Universities can’t be all things to all students, and there are no easy answers here. The government must also consider factors like geography and its effect on access; meaningful partnerships between universities and their local communities; and of course, the quality of teaching, which is a stated imperative for every institution (though how they follow through on it may be another story). But even the relentless obsession with recruiting the “best” students leaves us with the question of how “other” students will fare, and who will focus on their needs, if this mission doesn’t bring the global accolades that universities so cherish. While the Ontario government may insist that all mandates will be valued equally, it remains to be seen how this “value” will manifest in the current environment.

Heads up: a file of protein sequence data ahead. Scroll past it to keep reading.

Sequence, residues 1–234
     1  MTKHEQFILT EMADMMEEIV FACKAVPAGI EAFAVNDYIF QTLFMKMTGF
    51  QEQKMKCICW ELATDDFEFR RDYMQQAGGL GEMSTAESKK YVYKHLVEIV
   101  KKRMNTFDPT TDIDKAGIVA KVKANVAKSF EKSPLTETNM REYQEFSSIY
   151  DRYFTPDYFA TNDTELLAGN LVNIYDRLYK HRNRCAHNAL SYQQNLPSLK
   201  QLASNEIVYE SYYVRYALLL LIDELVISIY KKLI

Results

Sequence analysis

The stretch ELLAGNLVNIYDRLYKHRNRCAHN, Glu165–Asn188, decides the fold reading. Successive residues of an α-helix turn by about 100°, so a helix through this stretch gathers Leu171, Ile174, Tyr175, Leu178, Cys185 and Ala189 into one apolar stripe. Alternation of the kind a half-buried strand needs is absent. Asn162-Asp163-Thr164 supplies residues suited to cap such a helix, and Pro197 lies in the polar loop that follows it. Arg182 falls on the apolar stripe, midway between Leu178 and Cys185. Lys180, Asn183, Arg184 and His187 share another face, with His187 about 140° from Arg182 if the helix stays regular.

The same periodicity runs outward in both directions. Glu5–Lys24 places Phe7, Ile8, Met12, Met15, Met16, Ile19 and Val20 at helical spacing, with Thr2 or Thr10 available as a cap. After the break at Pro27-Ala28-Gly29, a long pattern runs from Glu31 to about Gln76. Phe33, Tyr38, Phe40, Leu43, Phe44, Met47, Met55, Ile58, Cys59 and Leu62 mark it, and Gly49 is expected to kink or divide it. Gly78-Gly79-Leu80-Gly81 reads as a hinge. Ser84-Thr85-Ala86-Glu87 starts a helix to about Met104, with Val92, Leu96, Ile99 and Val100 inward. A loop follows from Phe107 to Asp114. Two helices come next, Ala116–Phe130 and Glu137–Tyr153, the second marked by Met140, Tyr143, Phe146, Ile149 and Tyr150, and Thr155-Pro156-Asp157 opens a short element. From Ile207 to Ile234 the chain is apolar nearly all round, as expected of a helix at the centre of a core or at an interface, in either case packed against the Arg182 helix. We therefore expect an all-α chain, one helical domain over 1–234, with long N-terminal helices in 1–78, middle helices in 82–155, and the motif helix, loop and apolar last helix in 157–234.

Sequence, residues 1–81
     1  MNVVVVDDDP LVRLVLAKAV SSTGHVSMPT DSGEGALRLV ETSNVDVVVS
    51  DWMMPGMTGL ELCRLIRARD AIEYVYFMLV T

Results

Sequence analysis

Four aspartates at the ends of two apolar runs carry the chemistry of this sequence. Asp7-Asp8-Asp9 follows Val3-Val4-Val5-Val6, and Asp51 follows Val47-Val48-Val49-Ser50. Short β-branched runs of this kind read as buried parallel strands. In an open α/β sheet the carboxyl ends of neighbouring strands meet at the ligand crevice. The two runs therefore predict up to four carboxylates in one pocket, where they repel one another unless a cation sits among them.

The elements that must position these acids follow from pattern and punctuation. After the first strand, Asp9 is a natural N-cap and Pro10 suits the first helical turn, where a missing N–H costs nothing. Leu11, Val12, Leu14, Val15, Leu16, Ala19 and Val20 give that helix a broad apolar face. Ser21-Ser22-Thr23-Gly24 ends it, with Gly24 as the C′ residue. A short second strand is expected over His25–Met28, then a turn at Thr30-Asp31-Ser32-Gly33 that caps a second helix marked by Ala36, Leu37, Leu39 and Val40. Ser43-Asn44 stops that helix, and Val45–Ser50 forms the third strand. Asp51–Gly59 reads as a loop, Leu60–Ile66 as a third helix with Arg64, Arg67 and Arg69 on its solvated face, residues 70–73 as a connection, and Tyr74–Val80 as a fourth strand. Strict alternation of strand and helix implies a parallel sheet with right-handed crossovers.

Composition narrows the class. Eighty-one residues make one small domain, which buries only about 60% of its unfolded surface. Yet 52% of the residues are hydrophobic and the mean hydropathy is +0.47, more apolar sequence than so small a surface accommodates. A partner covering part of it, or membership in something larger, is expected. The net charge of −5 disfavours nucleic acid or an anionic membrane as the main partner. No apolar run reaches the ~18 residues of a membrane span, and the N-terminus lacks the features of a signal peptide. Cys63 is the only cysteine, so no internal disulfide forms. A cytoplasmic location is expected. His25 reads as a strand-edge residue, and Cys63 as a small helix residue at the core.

Melonie Fullick
Melonie Fullick is a PhD candidate at York University. The topic of her dissertation is Canadian post-secondary education policy and its effects on the institutional environment in universities.